Post-purchase rationalization is a phenomenon whereby someone who purchases an expensive product or service overlooks any faults or defects in order to justify their purchase. Expensive purchases often involve a lot of careful research and deliberation, and many consumers will often refuse to admit that their decision was made in poor judgment. Many purchasing decisions are made emotionally, based on factors such as brand-loyalty and advertising, and so are often rationalized retrospectively in an attempt to justify the choice. For example, a consumer cannot decide between two popular games consoles, X and Y, but in the end decides to purchase product X on the basis that many of their peers also own this console. After purchasing it, they find that many of their favourite games are only available on product Y. However, they do not wish to feel they made the wrong decision, and so will convince themselves, and their peers, that product X is better than product Y, using arguments such as "I didn't want to play those games anyway".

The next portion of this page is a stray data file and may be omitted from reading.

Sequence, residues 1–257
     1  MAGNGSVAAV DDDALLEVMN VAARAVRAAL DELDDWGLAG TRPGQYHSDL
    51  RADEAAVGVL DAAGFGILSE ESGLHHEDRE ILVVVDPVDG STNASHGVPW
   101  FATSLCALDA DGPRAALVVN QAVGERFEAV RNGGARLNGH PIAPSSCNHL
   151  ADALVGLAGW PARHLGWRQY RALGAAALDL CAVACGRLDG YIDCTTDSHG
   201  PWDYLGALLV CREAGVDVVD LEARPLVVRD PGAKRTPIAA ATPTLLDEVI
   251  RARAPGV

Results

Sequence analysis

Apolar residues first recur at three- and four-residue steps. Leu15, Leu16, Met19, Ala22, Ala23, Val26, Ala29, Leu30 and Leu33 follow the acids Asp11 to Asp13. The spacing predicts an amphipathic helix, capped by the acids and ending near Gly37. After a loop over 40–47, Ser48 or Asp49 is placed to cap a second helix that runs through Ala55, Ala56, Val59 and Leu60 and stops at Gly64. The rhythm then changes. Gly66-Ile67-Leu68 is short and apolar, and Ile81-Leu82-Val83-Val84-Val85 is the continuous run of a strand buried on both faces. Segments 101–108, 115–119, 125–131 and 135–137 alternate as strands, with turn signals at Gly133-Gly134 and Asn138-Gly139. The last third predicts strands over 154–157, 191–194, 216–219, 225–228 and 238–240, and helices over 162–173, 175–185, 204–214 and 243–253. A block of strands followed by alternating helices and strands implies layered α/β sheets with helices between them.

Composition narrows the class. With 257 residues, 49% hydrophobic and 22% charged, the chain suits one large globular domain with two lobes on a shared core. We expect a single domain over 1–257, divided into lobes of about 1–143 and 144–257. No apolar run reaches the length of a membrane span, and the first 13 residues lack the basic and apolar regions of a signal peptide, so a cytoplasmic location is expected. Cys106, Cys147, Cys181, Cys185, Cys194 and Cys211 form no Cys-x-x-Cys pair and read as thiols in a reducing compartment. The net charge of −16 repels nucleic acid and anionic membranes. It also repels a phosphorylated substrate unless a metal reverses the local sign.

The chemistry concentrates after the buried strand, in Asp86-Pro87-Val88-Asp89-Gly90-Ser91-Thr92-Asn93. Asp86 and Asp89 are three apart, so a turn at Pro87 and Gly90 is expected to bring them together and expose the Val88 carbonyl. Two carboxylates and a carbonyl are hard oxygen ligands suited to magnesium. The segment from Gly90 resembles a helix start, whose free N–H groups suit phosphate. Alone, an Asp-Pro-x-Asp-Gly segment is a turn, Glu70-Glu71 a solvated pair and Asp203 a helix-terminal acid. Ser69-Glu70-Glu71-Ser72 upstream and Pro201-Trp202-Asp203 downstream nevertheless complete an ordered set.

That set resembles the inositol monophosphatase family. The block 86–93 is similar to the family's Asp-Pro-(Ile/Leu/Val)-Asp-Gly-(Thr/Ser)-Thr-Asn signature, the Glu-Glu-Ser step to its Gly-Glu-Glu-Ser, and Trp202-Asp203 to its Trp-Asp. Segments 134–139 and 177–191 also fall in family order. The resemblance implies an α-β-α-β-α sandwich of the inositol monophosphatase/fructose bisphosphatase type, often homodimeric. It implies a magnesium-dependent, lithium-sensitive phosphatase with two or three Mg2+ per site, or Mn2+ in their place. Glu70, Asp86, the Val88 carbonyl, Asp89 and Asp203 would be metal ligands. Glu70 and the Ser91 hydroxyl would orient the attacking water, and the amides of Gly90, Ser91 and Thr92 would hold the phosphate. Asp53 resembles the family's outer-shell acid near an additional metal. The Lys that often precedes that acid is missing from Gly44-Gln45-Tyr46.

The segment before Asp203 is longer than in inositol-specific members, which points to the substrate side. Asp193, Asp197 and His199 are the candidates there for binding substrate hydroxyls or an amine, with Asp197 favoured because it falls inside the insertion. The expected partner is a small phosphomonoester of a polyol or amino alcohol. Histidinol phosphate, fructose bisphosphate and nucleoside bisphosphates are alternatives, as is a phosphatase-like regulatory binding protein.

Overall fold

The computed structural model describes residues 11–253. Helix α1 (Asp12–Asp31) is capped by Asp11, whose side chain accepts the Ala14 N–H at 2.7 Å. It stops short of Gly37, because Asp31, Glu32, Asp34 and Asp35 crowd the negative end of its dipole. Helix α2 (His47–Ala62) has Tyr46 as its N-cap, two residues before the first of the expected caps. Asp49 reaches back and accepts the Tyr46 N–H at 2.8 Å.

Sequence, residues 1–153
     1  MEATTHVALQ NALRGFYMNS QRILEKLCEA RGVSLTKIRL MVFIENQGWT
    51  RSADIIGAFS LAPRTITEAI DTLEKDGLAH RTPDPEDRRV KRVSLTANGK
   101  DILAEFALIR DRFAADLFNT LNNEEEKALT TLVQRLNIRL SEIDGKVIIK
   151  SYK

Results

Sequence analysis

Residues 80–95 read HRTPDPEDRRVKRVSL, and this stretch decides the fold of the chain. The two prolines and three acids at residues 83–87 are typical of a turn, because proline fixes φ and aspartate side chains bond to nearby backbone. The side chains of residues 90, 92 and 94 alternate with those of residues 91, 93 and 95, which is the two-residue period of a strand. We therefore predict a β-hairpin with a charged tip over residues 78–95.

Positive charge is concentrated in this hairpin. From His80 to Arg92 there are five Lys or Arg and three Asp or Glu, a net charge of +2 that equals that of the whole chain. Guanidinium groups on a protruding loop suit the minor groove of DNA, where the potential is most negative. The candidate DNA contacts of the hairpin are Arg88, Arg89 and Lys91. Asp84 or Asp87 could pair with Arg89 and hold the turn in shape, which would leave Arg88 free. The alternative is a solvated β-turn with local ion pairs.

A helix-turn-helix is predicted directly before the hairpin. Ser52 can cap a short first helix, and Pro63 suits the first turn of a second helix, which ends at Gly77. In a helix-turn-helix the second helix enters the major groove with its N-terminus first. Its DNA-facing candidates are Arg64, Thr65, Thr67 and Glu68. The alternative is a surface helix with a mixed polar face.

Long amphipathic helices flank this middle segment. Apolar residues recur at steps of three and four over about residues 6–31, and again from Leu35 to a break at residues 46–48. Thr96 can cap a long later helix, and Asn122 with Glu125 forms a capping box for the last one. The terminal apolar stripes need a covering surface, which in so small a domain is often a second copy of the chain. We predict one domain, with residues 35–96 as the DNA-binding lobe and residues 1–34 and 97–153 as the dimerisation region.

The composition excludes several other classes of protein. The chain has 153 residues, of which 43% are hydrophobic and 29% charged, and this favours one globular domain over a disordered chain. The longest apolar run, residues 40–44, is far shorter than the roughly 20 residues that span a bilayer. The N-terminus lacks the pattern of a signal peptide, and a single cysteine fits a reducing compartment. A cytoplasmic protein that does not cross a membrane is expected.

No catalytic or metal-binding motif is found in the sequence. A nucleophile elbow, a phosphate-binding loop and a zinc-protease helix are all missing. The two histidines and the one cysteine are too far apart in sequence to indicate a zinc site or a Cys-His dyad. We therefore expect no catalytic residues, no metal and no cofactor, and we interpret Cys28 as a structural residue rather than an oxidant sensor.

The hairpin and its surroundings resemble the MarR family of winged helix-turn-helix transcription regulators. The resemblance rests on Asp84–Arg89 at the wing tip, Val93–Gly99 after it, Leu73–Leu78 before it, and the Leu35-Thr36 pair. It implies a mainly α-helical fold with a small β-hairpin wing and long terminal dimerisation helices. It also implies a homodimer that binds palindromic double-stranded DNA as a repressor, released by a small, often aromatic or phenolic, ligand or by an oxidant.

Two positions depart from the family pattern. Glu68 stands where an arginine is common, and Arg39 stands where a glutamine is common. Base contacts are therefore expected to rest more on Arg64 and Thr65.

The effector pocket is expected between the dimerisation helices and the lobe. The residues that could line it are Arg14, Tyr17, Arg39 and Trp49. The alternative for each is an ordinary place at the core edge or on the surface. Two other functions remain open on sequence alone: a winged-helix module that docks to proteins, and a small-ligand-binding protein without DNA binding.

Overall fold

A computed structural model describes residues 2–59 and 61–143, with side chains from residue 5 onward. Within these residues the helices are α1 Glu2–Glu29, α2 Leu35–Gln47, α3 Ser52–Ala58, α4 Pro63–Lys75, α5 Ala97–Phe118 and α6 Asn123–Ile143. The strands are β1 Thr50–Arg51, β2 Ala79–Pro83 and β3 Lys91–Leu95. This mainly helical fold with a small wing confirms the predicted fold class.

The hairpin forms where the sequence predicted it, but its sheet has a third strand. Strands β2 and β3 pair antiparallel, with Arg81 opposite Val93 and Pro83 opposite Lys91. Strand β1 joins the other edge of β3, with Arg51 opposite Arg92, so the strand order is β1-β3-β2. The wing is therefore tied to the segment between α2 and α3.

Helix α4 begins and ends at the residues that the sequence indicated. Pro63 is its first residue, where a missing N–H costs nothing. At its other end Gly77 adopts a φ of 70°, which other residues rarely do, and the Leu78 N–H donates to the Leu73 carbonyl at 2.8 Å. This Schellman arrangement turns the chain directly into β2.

Reactance is an emotional reaction in direct contradiction to rules or regulations that threaten or eliminate specific behavioral freedoms. Reactance can occur when someone is heavily pressured to accept a certain view or attitude. Reactance can cause the person to adopt or strengthen a view or attitude that is contrary to what was intended, and also increases resistance to persuasion. People using reverse psychology are playing on at least an informal awareness of reactance, attempting to influence someone to choose the opposite of what they request.
Wishful thinking is the formation of beliefs and making decisions according to what might be pleasing to imagine instead of by appealing to evidence, rationality or reality. Studies have consistently shown that holding all else equal; subjects will predict positive outcomes to be more likely than negative outcomes. In addition to being a cognitive bias and a poor way of making decisions, wishful thinking is commonly held to be a specific logical fallacy in an argument when it is assumed that because we wish something to be true or false that it is actually true or false. This fallacy has the form "I wish that P is true/false, therefore P is true/false." Wishful thinking, if this were true, would underlie appeals to emotion, and would also be a red herring. A believer in UFOs may accept that most UFO photos are faked, but claim that the ones that haven't been debunked must be considered genuine.